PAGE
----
Dealing with Disruptive Board Members Rambo at the Reigns

Every board is different, with its own individual personalities meshing for one common cause: to run the co-op or condo in their charge efficiently and with integrity.

Some board members come to their positions with years of experience. Others are neophytes. Some board members are reticent, thoughtful and measured in their approaches. Others are more vociferous, taking charge and moving things forward quickly and aggressively. These are all legitimate approaches to running a building, and any one of them can work well for the benefit of the community.

There are times, however, when one board member's personality or approach to the job can throw a wrench into the whole system. They're the people who try to dominate a meeting, try to push their agendas no matter what the cost, and try to bully their fellow board members into seeing things their way. They're the folks that boards and management dread.

(Mostly) Good Apples

Before things get too gloomy however, it's important to remember that the vast majority of board members approach their duties with a sense of integrity and a desire to do what is best for the fellow residents they were elected to serve. It's actually rare to see a board member really allow their self-interest get the better of them, and create difficult situations for everyone else around them. Perhaps they don't even realize they're doing it. Whatever the reason, the result is the same: both the residents and the building suffer.

There are ways to solve these problems though, and the answer is not always to simply vote these troublesome board members off the proverbial island. Finding that solution starts with finding the root of the problem and understanding that there are a number of reasons why a board member might cause trouble—whether that trouble takes the form of inappropriate aggression, passive-aggressive foot-dragging or simple ignorance.


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Board Malfeasance

What to Do if You Suspect Foul Play



  • You have described two of my board members exactly. One was elected to the board and the other appointed by the board. We need to get rid of them both. It is the consensus that they are self serving, disruptive and have even become a nuisance tot he management, which we have only had a year. How so we get rid of the appointed one first? Any suggestions. Thanks.
  • We have a board member who constantly - in open board meetings - calls caucasian staff and the director racist without any basis. He makes comments that he does not like white people, he will let other board members know that he doesn't like them, he has even physically intimidated several board members and called them names. He is so disrespectful, but the board chair and other board members do nothing. He has a blatant disregard for board policy, including contacting staff directly (against policy.) He is a bully! He is appointed to the board and those that appoint him, I believe, are politically afraid of him. As a staff person who must attend board meetings, his behavior, lack of respect for staff and board, and constant criticism and noted dislike of caucasians has caused me an enormous amount of emotional stress. I am conteplating filing a grievance with the director and/or board chair. Any suggestions?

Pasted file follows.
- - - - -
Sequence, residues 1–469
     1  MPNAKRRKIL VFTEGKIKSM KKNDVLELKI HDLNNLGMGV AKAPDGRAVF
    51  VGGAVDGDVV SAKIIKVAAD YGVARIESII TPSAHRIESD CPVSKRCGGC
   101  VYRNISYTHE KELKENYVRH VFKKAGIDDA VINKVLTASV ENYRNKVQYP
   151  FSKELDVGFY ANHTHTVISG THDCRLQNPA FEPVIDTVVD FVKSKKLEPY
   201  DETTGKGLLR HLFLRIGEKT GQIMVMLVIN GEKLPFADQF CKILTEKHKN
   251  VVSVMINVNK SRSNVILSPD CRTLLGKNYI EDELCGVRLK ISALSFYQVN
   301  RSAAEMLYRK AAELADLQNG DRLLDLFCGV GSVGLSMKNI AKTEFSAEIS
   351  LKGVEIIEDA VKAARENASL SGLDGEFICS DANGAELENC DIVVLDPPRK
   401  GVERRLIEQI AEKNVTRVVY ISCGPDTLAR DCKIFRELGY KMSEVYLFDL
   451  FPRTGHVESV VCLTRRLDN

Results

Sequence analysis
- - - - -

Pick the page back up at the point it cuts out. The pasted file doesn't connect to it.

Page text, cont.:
• I am a little younger than your target audience, but this was great advise. I am the president of an organization and wanted to continue a rational approach to this exact problem before throwing around the word "impeachment." Thank you very much.
  • I am president here in Spain of an elected board of 7 members. We meet monthly with an agenda and discuss, negotiate and decide what and how best to run our community of 477 properties. Myself and 3 other s have been members for 5 years and we have had 3 meetings so far with the other new members. Last month for the first time ever I had to leave the meeting, I couldn't tolerate the insults and obvious disruption by one of the new members. This month after another disruptive display by that same new member, another member stormed out. The new member has now openly called me a thief, is secretly checking on other member's work (she says if we have nothing to hide why are we offended?), will not shut up even when politely asked to, insists that every outburst is minuted and contrary to tradition that the meeting is conducted in Spanish even though 50% do not understand Spanish. She has become unbearable. Please help, I have been involved in many committees in the past but have never come across her type before. 4 of the members are also at their wit's end and threatening to resign. The other 2 members seem to think that we need to be patient with her and she will run out of steam. As president I can't force my members to wait that long and I do not know what to do for the best!
  • Shareholders of a Coop have called for a special meeting to dissolve the board due to lack of accountability and transparency and other corrupt dealings. We are looking for an inexpensive attorney who can guide us in this matter. Can you suggest any names of attorneys we can approach"? Thank you
  • We have three members in our community base organization. I am the Chairperson and I appointed a vice president to the organization. She is much older than me and the other member so we sort of allow her to have her way. However, she is a trouble maker and a selk serving individual. Our organization is small cut we do big things. She is looking for recognition so she joins well name organizations and work like a work house for them but when it come down to our small organization, she works like a show horse. We want to get rid of her. What should me and the other member do. We have not spoken with her in awhile and she called us to say: we can not write letters using the organization name without her permission. Is that true? Remember, we do not have a 5019(c)(3). but when I write letters for support of events we sponsor, I list her as the Vice President. Do that give her rights?